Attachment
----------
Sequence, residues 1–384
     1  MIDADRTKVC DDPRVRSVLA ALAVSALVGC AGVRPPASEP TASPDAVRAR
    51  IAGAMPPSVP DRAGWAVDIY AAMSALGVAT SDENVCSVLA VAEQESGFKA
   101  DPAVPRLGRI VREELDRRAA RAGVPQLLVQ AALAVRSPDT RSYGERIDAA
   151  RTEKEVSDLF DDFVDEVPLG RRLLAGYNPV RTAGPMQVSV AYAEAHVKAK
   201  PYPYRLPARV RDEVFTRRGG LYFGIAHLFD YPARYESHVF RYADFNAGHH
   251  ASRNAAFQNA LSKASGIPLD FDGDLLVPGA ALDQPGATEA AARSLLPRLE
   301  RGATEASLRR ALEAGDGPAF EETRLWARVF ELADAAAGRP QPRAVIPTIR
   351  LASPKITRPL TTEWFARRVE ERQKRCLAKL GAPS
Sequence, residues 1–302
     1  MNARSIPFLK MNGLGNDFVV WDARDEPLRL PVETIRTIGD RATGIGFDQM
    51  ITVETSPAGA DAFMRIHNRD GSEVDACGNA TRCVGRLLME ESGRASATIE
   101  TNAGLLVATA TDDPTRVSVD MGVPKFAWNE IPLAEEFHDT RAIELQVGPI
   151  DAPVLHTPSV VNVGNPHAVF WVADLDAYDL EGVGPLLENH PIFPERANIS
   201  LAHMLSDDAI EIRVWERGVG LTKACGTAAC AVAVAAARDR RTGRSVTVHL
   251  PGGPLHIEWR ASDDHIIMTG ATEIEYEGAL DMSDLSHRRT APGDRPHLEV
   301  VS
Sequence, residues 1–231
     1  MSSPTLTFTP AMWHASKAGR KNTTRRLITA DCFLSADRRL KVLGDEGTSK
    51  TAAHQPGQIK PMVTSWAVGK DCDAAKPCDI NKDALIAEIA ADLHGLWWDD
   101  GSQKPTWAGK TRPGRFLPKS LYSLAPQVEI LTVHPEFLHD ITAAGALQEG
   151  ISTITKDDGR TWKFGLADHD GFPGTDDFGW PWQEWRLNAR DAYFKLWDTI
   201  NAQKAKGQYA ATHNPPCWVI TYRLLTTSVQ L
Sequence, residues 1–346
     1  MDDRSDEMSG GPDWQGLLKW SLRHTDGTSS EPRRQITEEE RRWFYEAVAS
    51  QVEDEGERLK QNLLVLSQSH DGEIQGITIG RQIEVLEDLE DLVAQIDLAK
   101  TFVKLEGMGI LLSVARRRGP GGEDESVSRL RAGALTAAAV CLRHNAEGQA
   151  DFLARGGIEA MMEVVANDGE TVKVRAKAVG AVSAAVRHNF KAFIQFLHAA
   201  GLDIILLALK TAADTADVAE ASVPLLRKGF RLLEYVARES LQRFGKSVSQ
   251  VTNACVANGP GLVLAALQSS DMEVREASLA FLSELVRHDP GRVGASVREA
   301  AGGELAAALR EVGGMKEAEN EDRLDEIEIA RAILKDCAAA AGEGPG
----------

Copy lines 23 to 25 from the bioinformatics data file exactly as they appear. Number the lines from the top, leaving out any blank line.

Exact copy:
   201  NAQKAKGQYA ATHNPPCWVI TYRLLTTSVQ L
Sequence, residues 1–346
     1  MDDRSDEMSG GPDWQGLLKW SLRHTDGTSS EPRRQITEEE RRWFYEAVAS